Yet we know that such manifestations do occur, and so they must be sometimes useful.  There are some souls whom God wishes to help who are, so to speak, not likely to be helped in other ways; and for the human race as a whole, or at least for the elect as a whole, it is useful that such things happen sometimes and be recorded.  But it is also good that they be rare.

Yet perhaps many people have some lesser experiences: not apparitions, but, as it were, something imperfect and rudimentary within the same genus.  Often those who have been bereaved speak of an awareness of the presence of the departed soul, and we need not suppose that these things are usually just imagination.

I once knew an old man, very simple, cheerful, and pious.  He had never learned to read and write, having hardly been schooled.  His father, I think, must have been mad: at any rate, when the old man was a boy, his father had once branded him with a red-hot poker.  He served in the War as a conscript, and the example of some Catholic led him to convert. He had never married, and lived alone.  His conversation was often hard to follow, and yet he was the sort of person whom it raised your spirits to hear speak.  Then I went to live in a foreign land and forgot him.  One morning in that foreign land, between sleep and waking, I had a sort of sense of that old man’s soul ascending and that he greeted me as he went, disburdened of all the troubles of his long life. 

That very day a message came from my own country to say that he had died.

 

 

 

 

 

 

It was perhaps appropriate that the same-sex ‘marriage’ bill should have been passed by the House of Commons on the feast of St Agatha. According to her, admittedly late, acta, St Agatha was tortured by having her breasts cut off; praying later in her prison, she was favoured by a heavenly apparition of a man. The man explained that he was the apostle Peter, consoled her for her sufferings and healed her wounded body.

We speak of a country as the mother of her people. Marriage is the institution by which she nourishes those who are born to her, so that they may grow up strong and healthy. One of the properties of marriage, its indissolubility, had long been denied by our divorce laws. But now it is not simply a property, but the very essence itself that is denied. By formally denying the essence of marriage Parliament has as it were cut off from our motherland the maternal organs by which she may nurse her young. Who can heal her now? Only Peter.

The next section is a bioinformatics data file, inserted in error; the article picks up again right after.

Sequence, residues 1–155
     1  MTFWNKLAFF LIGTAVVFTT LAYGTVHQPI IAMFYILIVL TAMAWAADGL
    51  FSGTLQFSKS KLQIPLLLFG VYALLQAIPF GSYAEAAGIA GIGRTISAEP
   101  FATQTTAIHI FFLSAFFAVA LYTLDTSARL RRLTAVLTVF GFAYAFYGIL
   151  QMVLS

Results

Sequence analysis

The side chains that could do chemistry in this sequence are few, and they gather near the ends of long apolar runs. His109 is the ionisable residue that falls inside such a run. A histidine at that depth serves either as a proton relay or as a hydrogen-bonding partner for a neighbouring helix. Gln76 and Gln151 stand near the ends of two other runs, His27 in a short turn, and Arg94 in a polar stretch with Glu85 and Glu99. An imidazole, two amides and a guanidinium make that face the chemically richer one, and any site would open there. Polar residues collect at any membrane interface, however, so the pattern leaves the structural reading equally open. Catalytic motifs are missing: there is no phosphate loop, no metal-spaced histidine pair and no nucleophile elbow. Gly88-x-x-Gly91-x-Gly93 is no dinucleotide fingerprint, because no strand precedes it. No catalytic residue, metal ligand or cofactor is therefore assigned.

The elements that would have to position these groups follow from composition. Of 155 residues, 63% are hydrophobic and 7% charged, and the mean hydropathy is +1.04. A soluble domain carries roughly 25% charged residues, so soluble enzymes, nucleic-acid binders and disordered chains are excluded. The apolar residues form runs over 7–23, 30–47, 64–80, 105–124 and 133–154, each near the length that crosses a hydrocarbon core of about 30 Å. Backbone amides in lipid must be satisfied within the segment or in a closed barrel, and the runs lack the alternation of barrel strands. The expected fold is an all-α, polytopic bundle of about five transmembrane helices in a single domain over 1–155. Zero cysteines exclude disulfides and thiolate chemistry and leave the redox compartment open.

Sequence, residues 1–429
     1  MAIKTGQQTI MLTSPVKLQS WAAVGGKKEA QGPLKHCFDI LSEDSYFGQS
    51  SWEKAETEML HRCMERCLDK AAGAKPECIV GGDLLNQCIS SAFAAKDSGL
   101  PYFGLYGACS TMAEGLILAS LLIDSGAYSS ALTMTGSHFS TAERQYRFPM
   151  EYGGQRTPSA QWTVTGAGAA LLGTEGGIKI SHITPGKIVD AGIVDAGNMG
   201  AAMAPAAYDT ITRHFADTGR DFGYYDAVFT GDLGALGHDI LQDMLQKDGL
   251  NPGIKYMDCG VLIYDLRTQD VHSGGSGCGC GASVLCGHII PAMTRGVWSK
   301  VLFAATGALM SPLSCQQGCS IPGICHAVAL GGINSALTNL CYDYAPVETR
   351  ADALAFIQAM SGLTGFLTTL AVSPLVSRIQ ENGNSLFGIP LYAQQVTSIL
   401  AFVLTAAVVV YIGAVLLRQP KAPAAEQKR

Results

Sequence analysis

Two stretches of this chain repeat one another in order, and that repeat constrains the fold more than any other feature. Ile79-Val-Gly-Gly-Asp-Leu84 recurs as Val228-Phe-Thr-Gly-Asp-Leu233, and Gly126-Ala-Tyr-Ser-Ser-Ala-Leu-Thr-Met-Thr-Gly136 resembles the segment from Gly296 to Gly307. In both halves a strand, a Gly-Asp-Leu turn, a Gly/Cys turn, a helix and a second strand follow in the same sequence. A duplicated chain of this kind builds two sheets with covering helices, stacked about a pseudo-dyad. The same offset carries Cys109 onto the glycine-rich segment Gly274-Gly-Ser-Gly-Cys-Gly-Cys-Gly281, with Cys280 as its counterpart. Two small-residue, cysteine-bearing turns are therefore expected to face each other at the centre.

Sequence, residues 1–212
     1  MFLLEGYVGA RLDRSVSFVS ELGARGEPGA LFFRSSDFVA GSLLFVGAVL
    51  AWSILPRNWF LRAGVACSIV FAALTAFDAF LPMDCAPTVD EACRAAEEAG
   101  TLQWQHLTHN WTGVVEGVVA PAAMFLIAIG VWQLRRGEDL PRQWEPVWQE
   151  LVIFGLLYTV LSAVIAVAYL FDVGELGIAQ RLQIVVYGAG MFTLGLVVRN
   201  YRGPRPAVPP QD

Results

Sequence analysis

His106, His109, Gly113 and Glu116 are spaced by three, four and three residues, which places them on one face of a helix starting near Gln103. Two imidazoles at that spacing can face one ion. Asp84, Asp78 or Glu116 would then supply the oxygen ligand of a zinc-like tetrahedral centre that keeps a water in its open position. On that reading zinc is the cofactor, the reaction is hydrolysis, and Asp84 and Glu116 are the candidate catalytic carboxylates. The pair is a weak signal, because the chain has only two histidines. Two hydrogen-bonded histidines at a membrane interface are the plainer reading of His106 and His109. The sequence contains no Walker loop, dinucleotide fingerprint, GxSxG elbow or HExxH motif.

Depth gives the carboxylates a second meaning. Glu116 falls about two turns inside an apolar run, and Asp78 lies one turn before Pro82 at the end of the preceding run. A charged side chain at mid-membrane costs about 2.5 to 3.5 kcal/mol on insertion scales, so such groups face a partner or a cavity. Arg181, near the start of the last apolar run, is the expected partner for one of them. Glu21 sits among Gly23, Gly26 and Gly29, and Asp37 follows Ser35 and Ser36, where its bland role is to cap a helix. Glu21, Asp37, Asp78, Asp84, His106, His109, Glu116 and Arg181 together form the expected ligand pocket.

When St Thomas was in the convent at Naples and was praying in the Church, there appeared to him Brother Romanus, whom he had left teaching at Paris. Brother Thomas said to him: “Welcome! Whence dost thou come?” But Romanus said to him: “I have passed from this life, and I am allowed to come to thee by reason of thy merits.” Then Brother Thomas, summoning up his courage, for he had been much disturbed by the sudden apparition, said to him: “If it be pleasing to God, I adjure you by God to answer my questions. First: How does it stand with me? and are my works pleasing to God?” And the other answered: “Thou art in a good state, and thy works are pleasing to God.”

Then the Master continued: “And what of thyself?” And Romanus answered: “I am in eternal life, but I was in Purgatory sixteen days because of some negligence of which I was guilty in the affair of a will which the Bishop of Paris entrusted to me for speedy execution; but I, through mine own fault, was tardy in executing it.”

Lastly S. Thomas asked: “What about that question we have so often discussed together: Do the habits we have acquired here abide with us when we are in our Fatherland?” But the other replied: “Brother Thomas, I see God, and you must ask me nought further on that question.” But Thomas at once said: “Since you see God, tell me whether you see Him with or without any intermediate image?” But Romanus replied: “As we have heard, so we have seen in the City of our God, and forthwith disappeared. But the Master remained astonished at that marvellous and unwonted apparition, and filled with joy at his favourable replies.

(from the Life by Bernard Gui, a witness at the trial of canonisation)